The Tyranny of the Typo

The Higher Education Division of UTP is quickly approaching its fifth anniversary, and in advance of this hallmark, we will be contributing monthly blog postings on the purpose and various functions of our division. Our first five years have been set amidst a background of rapidly changing technologies and shifts in the needs of teachers and scholars, and we would like to contribute our voices to the wider conversation. To carry on the discussion, our Production Editor, Beate Schwirtlich, discusses the age-old tyranny of the typo and the impact of digital technology on the search for the perfect book.

As Production Editor for the Higher Education Division of the press, the work that I facilitate begins where the author’s much greater task ends, in that space between finished manuscript and finished book. A lot can happen in that space; many errors are eliminated, but paradoxically, correcting the former raises the possibility that new errors will be introduced. It’s as innocent as a slip of the fingers on a keyboard, but when we’re talking about printed books and not, say, a text message, the implications are greater. And that’s why I consider “typo hunting” to be my most important task as production editor, even though I am not—officially—a proofreader.

“Rushing to publish and overlooking glaring typos may have become part of the new economics of traditional publishing,” writes Virginia Heffernan in a 2011 opinion piece, “What Typos Mean to Book Publishing,” in the New York Times. She spoke to editors who, she writes, “confirmed my guesses. Before digital technology unsettled both the economics and the routines of book publishing, they explained, most publishers employed battalions of full-time copy editors and proofreaders to filter out an author’s mistakes. Now, they are gone.”

A quick web search and you will find blog posts, articles, and comments bemoaning the lack of editorial rigour in modern publishing, but my professional experience at this press and with two other publishers does not provide evidence to back up that statement: freelance proofreaders and copyeditors pored over the text of every manuscript destined for print publication. We here try very hard to represent the work of our authors in the best way possible, and that means doing all we can to avoid the dreaded typo, which risks undermining the author’s authority. Many times, the work of proofreading is also shared, for good measure, among many others: perhaps the executive editor and that editor’s assistant read the proofs and catch some corrections, or the marketing manager proofs the cover copy, along with the author, the production editor, the acquiring editor, intern(s) . . . people who care very much about the books that their house publishes, and who want to get it right.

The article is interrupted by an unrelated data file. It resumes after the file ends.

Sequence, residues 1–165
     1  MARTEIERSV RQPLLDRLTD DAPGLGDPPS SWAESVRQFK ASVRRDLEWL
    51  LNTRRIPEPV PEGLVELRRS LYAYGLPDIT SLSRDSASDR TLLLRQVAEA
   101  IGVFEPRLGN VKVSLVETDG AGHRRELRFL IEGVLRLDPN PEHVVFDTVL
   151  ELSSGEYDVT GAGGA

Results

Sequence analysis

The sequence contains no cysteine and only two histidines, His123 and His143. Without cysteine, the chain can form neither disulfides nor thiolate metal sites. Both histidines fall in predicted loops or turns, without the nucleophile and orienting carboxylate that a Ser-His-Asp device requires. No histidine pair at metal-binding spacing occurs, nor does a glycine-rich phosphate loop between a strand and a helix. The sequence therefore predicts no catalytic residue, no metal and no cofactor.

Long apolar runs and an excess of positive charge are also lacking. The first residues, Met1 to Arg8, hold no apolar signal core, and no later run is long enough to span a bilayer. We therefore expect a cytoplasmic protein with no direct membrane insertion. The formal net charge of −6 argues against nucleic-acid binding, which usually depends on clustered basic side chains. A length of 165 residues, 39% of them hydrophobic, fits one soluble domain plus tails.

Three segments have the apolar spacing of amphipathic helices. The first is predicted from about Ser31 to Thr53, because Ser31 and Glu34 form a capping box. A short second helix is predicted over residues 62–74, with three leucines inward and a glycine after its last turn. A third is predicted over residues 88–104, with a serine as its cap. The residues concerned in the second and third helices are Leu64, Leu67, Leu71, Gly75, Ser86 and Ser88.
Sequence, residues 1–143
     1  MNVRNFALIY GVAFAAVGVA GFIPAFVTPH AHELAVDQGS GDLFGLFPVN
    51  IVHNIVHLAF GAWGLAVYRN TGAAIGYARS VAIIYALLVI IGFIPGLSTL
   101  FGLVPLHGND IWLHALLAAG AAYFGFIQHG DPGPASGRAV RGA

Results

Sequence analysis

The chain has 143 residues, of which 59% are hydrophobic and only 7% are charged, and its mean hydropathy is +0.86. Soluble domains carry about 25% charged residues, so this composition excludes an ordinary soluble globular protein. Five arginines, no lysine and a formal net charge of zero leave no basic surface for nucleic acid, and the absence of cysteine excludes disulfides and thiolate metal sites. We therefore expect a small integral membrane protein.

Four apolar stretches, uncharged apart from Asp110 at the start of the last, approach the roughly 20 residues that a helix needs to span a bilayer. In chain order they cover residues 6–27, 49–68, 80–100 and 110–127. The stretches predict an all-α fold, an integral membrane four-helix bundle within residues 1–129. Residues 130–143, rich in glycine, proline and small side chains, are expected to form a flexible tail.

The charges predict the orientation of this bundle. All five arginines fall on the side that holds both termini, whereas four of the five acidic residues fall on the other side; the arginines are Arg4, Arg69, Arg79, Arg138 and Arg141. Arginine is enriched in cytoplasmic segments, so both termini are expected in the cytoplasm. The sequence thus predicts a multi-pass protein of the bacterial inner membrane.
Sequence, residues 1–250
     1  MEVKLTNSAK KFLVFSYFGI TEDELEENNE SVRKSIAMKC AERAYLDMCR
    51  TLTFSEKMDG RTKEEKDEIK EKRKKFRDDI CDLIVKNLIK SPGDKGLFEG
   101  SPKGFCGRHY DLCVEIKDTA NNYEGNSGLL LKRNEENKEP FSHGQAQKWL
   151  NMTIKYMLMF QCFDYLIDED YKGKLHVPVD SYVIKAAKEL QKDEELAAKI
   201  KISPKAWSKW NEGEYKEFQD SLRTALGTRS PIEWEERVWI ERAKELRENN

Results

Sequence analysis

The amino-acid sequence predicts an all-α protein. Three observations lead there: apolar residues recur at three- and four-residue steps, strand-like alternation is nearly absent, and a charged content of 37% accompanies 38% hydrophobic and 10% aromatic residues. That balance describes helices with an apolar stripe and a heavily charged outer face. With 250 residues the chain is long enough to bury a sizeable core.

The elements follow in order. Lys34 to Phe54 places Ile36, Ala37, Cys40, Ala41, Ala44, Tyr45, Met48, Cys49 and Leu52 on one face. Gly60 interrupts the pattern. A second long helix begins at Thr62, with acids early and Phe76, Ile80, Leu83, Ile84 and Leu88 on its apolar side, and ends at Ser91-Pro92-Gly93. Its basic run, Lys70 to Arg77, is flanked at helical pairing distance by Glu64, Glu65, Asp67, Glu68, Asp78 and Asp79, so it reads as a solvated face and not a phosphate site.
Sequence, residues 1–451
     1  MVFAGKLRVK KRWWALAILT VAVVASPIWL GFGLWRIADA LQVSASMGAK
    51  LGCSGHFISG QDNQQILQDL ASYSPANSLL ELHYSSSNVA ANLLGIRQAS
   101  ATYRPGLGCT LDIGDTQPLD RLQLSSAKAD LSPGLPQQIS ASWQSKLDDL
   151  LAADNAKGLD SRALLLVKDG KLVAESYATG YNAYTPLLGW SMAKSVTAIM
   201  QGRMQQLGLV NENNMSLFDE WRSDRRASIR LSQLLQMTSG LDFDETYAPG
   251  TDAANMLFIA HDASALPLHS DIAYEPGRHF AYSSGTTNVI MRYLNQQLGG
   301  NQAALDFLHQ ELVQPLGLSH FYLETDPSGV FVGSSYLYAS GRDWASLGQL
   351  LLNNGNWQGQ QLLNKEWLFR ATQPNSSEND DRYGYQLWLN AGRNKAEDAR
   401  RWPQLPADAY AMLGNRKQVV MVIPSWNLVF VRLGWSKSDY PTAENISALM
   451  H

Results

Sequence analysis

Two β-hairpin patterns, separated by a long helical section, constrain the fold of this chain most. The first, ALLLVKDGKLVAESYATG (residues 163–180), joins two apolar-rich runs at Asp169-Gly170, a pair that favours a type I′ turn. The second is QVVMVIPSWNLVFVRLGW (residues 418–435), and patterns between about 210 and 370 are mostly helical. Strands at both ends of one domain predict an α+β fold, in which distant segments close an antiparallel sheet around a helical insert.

Yes, this does impact the bottom line for publishers, but I would argue that editing and proofreading services are one of the strongest assets that traditional publishing has to offer to its authors. Our authors may be experts in medieval history, anthropology, or Canadian politics (as many of them are) but that doesn’t mean that they know, or should have to know, how to properly divide words that fall at the end of typeset lines, how wide a text block can be before becoming a chore to read (between 40 and 80 characters is ideal by the way), how to correctly hyphenate URLs, how to spell Colombia, or any other of the thousands of little things that publishers make their business so that authors can focus on their writing and content.

Though “typo” is commonly used to describe any error in printed material, there are distinctions to be made: strictly, the definition excludes errors of ignorance such as spelling mistakes. While authors’ errors are known as corrigendum, errors introduced during production are called erratum. Before there were typeset books, the equivalent to the typo was the “copyist’s mistake” or “scribal error.”

Along the way, there are pitfalls. Consider the “Wicked Bible” of 1631 and the seventh commandment as printed: it reads “Thou Shalt Commit Adultery.” Some long-dead proofreader failed to notice the missing “Not” before that famous version of the bible was printed, and some long-dead production editor (or whatever they were called then) approved the printing. Whoever they were, they have my sympathy and my respect, despite missing that rather obvious typo.

-Beate Schwirtlich, Production Editor


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